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Maple Leafs Watch: How does the future look?

With THN’s annual Future Watch special issue about to be unleashed on the streets, I thought it would be prudent to give readers a sneak peak of how the Toronto Maple Leafs rank in the youth department:

Not well.

Is that a shocker? Not particularly. With the exception of draft-dandy defenseman Luke Schenn and hopeful goalie of the future Justin Pogge, the Buds are devoid of young high-end talent, compared to the rest of the league. In fact, only New Jersey – they of the veteran-laden and playoff-bound Devils – ranked lower.

A revolving door of team brass in the past couple seasons played a big role in this. Though so far none of the GMs have done the team any favors by stocking up on draft picks, let alone high draft picks, in an attempt to restock what was pretty much always an empty cupboard. As of today, the Leafs head into this summer’s entry draft with just five selections (in the first, third, fifth, sixth and seventh rounds), the second-least amount of picks in the NHL, tied with a cluster of teams and one better than San Jose, a team that will contend for the Stanley Cup this year.

Naturally, the goal of this year’s trade deadline should be to recoup some of those draft selections lost in recent trades, especially since this year’s crop of 18-year-old wunderkinds is particularly deep. Acquiring a second first-round pick and at least one second-round pick should be the highest of priorities next week.

Of course, not all is lost on the farm, either. Lately left-winger Jiri Tlusty, himself a first-round pick in 2006, has been on fire for the American League’s Toronto Marlies. He has tallied 45 points in 46 games, many of those coming recently in multi-point bursts. Gelling with the team’s top scorer, Tim Stapleton, Tlusty is getting lots of ice time and lots of opportunity to grow as a player.

If only he had been doing that last season.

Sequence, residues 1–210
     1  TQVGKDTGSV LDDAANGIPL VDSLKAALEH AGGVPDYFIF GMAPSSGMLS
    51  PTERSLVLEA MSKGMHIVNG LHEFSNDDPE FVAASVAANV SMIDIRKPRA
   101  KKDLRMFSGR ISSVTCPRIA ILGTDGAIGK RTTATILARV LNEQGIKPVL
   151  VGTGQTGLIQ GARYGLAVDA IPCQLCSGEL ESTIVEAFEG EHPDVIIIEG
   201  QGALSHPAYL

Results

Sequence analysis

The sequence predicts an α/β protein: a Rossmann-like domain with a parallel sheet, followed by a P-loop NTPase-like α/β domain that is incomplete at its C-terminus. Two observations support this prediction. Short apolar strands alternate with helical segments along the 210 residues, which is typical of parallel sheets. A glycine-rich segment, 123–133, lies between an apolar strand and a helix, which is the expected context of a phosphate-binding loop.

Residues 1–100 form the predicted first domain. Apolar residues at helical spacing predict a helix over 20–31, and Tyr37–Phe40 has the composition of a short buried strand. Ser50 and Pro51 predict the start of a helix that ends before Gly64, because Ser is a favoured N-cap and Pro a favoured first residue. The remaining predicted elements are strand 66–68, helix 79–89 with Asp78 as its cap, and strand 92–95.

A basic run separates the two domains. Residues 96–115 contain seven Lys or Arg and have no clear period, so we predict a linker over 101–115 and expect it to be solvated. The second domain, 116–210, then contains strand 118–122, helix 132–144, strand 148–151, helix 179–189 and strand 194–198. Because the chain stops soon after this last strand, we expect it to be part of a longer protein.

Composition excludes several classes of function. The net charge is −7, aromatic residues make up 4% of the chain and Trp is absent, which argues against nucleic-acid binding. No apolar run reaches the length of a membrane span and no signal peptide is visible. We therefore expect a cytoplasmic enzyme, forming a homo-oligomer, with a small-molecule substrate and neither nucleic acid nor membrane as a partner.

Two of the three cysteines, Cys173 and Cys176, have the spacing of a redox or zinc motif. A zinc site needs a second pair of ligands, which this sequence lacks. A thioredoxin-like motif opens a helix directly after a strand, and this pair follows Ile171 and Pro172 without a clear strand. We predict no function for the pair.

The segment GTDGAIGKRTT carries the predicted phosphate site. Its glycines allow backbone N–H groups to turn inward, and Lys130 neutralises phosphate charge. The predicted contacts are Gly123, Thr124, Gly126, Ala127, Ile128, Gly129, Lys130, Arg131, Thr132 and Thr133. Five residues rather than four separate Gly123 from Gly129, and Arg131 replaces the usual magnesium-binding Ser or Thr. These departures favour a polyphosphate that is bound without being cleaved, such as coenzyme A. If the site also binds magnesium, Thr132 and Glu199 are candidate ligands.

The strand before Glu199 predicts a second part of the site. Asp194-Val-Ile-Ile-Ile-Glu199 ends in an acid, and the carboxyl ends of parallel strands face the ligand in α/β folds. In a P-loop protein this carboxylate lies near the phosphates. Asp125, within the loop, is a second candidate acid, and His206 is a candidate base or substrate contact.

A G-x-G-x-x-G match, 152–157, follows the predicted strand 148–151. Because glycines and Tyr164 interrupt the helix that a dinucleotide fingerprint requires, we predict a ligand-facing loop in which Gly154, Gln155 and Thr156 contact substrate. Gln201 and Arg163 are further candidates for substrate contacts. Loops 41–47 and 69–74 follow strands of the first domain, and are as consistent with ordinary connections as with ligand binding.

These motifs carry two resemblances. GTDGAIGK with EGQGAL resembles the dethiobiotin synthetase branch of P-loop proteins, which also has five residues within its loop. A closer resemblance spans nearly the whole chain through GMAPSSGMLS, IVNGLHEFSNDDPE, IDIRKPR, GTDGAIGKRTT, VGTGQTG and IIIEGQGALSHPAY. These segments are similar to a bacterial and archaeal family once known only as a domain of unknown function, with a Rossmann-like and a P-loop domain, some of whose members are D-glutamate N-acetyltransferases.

The Maple Leafs have an infamous history of crushing young souls by mishandling them in a variety of manners, from Jeff Ware and Jeff Farkas all the way up to Carlo Colaiacovo and Alex Steen, the latter two of which are now finding room to breath in St. Louis.

Tlusty was also heading down this path, as the Buds pulled him out of the OHL in favor of a stint with the big club and Marlies one year removed from being drafted. What followed, up until his recent longer demotion to the AHL, was a roller coaster of first-line to fourth-line duty with the Leafs and time with the Marlies. Neither allows a young player the necessary time to develop his game. As he probably should have been right away, Tlusty is getting used to the North American pro game in the continent’s second-best league and having success in the process.

The fact Schenn was able to step right into the Leafs’ lineup this year was certainly a blessing, but at least new coach Ron Wilson was pragmatic about expectations and consequences should the blueliner’s play have faltered. If this is the philosophy going forward regarding Toronto prospects, it’s a sound one.

This article also appears in the Toronto Metro newspaper.

Ryan Kennedy is a writer for The Hockey News magazine, the co-author of the book Hockey's Young Guns and a regular contributor to His blog appears Monday and Wednesday, his column - The Straight Edge - every Friday, and his prospect-watch feature, The Hot List appears Tuesdays.

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